Signs of an aggravated Pitta include excess stomach acid, gastritis, heartburn, skin eruptions, insomnia, and irritability. If you are experiencing any of these symptoms, a visit with an Ayurveda expert can help to identify foods or habits that are aggravating Pitta and give recommendations to avoid more serious imbalances.

For more information on consultations with Ayurveda experts, visit The Raj Ayurveda Health Spa:

www.theraj.com

 

Cleaning Fat Cells of Harmful Toxins

You can eat right, exercise regularly, take vitamins and herbal supplements, even meditate to get rid of stress—but in our modern industrial age, this it is still not enough to stay healthy. More and more research suggests that reducing environmental toxins is necessary to stay healthy.

Hazardous industrial chemicals absorbed by the body have been linked to immune, reproductive, endocrine and nervous system disorders. Every year more than 84,000 chemicals are put into American food and products. The Environmental Working Group, an American environmental organization that specializes in research and advocacy, found an average of 200 industrial chemicals and pollutants in the umbilical cord blood of infants born in the US.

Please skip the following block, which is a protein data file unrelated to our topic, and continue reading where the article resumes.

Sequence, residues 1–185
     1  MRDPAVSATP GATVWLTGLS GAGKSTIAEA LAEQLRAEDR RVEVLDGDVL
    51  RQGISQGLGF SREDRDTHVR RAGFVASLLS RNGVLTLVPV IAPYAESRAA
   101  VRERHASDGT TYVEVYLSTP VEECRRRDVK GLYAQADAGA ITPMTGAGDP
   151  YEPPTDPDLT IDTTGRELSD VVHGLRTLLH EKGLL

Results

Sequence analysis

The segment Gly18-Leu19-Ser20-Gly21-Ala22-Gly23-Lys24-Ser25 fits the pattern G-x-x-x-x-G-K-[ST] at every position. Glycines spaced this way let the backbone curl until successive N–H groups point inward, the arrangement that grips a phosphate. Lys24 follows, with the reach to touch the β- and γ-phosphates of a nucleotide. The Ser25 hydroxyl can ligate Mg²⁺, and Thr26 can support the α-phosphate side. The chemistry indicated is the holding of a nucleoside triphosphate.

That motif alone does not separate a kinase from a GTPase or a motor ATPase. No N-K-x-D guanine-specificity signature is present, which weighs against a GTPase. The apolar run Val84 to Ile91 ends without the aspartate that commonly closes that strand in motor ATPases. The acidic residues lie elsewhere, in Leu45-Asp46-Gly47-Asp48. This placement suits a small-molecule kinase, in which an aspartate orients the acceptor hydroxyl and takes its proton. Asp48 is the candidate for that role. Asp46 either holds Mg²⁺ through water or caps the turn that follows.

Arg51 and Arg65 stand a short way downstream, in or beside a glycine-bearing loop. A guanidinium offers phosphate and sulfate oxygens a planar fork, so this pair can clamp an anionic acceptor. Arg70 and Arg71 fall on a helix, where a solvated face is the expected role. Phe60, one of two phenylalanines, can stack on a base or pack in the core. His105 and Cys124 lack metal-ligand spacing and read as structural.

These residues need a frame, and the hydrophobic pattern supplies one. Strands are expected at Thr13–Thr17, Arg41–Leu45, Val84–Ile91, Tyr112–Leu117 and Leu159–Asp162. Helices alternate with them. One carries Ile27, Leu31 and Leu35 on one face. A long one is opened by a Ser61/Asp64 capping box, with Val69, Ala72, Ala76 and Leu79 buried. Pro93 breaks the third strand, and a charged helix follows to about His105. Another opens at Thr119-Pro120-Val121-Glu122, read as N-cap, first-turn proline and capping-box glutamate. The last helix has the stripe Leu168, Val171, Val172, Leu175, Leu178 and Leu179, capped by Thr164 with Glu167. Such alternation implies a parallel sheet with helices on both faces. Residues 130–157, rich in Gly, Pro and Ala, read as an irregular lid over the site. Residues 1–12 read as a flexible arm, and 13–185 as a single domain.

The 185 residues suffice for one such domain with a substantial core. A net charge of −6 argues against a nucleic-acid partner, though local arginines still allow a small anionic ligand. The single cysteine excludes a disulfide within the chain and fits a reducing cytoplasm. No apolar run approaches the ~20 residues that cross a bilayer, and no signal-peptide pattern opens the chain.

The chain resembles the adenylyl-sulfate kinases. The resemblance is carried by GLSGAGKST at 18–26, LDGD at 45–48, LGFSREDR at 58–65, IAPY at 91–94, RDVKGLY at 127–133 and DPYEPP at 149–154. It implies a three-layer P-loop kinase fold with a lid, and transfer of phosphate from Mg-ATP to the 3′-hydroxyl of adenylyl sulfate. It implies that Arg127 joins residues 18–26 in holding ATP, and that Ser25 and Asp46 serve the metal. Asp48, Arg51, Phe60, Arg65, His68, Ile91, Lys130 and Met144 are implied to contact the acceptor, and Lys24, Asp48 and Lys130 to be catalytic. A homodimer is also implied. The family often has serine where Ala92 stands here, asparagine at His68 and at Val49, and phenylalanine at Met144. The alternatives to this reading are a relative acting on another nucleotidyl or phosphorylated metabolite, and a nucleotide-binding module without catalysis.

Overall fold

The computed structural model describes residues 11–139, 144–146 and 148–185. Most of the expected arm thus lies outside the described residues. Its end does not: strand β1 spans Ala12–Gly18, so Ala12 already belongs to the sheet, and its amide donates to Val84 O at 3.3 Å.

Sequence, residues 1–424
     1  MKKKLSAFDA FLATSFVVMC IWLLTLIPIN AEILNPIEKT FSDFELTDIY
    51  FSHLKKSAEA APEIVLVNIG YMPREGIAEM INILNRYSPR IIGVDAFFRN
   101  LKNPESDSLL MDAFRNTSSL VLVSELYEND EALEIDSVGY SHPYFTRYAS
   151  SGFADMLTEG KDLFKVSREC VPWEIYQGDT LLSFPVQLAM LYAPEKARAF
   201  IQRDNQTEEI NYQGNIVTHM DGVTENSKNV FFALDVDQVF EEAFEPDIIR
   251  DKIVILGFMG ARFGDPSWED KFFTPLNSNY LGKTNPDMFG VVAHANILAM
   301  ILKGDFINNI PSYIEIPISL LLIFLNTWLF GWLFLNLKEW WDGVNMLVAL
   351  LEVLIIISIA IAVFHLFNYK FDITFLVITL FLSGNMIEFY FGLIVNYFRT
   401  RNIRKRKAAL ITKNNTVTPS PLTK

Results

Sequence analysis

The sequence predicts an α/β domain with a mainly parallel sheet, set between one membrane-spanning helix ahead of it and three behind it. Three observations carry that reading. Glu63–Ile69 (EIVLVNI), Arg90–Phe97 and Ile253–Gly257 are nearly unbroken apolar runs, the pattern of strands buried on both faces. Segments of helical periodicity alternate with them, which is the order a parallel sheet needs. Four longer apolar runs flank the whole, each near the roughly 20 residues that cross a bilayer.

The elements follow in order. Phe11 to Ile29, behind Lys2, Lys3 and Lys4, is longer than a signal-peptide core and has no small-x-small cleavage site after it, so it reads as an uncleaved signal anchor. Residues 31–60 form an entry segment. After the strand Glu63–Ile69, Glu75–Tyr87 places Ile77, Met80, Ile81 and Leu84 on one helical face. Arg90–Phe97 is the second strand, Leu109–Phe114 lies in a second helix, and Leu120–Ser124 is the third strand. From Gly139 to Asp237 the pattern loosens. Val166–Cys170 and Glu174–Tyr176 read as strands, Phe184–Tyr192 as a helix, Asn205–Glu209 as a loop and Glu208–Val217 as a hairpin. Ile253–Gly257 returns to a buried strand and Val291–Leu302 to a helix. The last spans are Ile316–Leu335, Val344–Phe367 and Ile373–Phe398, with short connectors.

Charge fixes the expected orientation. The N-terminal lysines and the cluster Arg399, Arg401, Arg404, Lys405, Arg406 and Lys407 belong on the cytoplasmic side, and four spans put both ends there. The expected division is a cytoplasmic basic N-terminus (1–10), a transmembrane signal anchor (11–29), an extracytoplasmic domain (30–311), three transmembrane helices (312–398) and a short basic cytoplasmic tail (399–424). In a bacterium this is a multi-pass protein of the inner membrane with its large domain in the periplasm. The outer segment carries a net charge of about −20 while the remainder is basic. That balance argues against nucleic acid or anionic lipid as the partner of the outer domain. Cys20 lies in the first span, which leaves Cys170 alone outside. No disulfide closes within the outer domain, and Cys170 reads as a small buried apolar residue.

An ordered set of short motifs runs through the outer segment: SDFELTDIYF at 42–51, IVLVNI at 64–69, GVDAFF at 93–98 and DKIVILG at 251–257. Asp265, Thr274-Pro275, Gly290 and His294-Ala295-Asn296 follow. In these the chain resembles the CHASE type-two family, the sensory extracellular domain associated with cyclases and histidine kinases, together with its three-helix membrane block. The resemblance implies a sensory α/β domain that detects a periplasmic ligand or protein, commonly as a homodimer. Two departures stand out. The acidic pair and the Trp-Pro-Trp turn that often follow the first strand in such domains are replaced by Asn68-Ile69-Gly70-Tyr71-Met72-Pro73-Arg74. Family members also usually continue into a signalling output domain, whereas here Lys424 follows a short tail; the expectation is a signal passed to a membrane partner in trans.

Tests detected a total of 287 chemicals from pesticides, consumer products, food packaging and environmental waste, including BPA, flame-retardants, PCBs, and even DDT.

The culprit: “Lipophilic toxicants”

Lipophilic toxicants are chemicals that are stored in lipids, or fats, in the body. This means that they are not water-soluble. They attach to, and can only be removed by, fat. These chemicals generally have a half-life ranging from 2.5 to 15 years. A half-life is the time required for the concentration of a substance to decrease by half.

Because they are fat-soluble, the human body is unable to efficiently process these man-made chemicals, so they accumulate in the body over time, cause a wide range of symptoms and disorders. These chemicals also put stress on the liver, as they must be converted by the liver to become water-soluble.

The solution: Panchakarma

The traditional detoxification treatments of Ayurveda (Panchakarma) have been shown to be uniquely effective in ridding the body of these fat-soluble toxins. These treatments utilize non-toxic oils to loosen and remove lipid-soluble toxicants from their deposited sites in the body, allowing for their excretion.

No other detox treatment has been demonstrated to reduce these by sign cant amounts. Published research has shown a 50% reduction with a 5-day treatment.

Common Fat-Soluble Environmental Chemicals